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Plus I could take the cloud chamber from my house at 800M above sea level down to the Dead Sea well bellow sea level then up to the Golan heights to see if we can see differences in Muon rates –  Zachary K Jul 8 '12 at 18:43
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@ZacharyK: Buying or building a cloud chamber is difficult for $250, and the statistics to measure the gravitational effect is impossible. You won't be able to measure the gravitational redshift without precision spectroscopy or moving parts in your interferometer, both of which put it out of reach of standard personal budgets. You certainly will never measure it in a cloud chamber, because the lifetime is statistical, and just the statistical effect of the spread in muon speed is enough to bury the effect. –  Ron Maimon Jul 8 '12 at 19:46

You could show them a piece of gold. Maybe drop it in acid and observe the (lack of) result.

Gold owes both its color and corrosion resistance to special relativity. See What Gives Gold that Mellow Glow?

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Not really a demo at all, and it requires that the students be comfortable with a consideable about of quantum mechanics before they'll believe it: It is not enough to know the Bohr model, you have to understand that the s-waves are non-zero at the nucleus which require essentially the whole shebang. –  dmckee Jul 8 '12 at 17:25

Another idea is the demonstration of the principles behind GPS system. You can demonstrate that you can determine your position, exploiting just four satellites. GPS does it by solving the following system: $$|\vec{r}-\vec{r}_i| = c(t-t_i)$$ You have four unknowns: your position $\vec{r}$ and your precise time $t$. So you need four equations to close your system -- four satellites with positions $\vec{r}_i$ and signal emmition times $t_i$. (I've actually seen somewhere that if you can get raw data from the GPS, then you'd be able to calculate your position "by hand" by solving this system.)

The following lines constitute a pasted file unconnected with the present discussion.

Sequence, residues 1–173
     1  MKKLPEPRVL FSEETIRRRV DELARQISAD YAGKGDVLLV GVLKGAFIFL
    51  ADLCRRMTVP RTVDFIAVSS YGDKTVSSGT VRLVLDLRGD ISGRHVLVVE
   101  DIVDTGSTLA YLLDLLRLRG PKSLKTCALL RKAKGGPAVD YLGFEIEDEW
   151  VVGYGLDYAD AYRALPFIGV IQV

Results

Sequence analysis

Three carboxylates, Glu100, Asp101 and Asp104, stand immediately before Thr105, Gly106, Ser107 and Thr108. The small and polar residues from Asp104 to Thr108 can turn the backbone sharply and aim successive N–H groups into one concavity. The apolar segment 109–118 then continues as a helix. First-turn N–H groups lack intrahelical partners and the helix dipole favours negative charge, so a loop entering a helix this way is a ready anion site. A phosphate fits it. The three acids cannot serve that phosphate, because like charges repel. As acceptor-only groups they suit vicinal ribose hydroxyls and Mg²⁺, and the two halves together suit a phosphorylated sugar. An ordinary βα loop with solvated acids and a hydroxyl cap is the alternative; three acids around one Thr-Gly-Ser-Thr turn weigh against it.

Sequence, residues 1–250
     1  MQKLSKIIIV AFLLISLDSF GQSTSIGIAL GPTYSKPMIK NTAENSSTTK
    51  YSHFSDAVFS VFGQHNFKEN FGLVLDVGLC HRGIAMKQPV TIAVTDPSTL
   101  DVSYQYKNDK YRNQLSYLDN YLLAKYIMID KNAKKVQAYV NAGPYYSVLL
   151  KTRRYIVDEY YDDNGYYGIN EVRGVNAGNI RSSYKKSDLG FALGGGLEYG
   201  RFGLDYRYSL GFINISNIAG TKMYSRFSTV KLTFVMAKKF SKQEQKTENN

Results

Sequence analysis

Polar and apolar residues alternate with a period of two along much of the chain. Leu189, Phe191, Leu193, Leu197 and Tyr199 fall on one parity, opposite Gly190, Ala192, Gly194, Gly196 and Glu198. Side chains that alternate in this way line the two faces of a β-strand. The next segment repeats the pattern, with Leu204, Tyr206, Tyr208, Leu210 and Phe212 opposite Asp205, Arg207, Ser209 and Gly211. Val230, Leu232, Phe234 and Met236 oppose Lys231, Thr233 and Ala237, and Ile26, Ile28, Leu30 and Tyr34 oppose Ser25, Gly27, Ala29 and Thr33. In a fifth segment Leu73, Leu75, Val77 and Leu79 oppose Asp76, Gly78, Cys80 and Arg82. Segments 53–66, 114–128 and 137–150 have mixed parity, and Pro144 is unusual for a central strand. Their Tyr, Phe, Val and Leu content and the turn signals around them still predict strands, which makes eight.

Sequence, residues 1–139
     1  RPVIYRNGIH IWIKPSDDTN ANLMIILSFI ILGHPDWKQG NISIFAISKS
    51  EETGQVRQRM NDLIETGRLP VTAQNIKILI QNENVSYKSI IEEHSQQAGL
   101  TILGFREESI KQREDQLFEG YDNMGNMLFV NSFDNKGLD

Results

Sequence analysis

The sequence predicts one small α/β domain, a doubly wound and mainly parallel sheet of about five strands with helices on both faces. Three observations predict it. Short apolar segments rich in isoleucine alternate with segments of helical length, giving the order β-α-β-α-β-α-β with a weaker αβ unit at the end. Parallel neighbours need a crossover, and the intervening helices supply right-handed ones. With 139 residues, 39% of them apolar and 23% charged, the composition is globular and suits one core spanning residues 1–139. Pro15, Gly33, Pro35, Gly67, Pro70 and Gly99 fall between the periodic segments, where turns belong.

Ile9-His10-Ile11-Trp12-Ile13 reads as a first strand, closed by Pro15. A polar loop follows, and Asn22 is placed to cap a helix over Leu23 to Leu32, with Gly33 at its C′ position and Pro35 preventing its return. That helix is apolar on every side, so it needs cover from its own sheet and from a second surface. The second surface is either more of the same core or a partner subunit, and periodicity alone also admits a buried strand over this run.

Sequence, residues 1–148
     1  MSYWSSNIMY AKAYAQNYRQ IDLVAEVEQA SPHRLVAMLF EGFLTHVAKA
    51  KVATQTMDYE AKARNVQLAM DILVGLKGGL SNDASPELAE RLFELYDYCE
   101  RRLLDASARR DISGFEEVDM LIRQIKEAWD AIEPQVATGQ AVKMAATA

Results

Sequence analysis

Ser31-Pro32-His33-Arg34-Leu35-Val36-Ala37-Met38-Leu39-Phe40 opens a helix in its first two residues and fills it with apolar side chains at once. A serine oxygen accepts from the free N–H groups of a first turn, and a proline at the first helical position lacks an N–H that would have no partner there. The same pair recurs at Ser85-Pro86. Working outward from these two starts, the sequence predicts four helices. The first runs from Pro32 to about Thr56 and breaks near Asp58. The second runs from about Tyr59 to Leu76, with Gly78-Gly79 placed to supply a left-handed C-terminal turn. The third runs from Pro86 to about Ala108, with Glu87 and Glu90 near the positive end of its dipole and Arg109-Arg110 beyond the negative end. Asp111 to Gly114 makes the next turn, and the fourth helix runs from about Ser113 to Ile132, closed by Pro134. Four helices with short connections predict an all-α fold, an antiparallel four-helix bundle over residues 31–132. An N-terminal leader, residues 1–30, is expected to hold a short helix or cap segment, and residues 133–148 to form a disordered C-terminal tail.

Notice that one doesn't need to correct for relative speed of the receiver and the satellite. You just put the speed of light $c$ in the equations, despite the fact that this relative motion can be really fast. The reason for that is Special Relativity.

Here is the review on that topic in Physics Today.
Also check this video for nice simple introduction.

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Doesn't demo special relativity at all, just that the speed of the signal is the same to each satelite. That could be caused by special relativity, by the observer be at rest relative the (assumed) medium of transmission, or by the signal velocity being much larger than the observer's velocity relative the (assumed) medium. It's a nice result from special relativity but doesn't leave the viewer with that Aha! moment that they get from a good demo. –  dmckee Jul 8 '12 at 17:27

Like anna v, I'm a particle physicist and am thinking along those lines.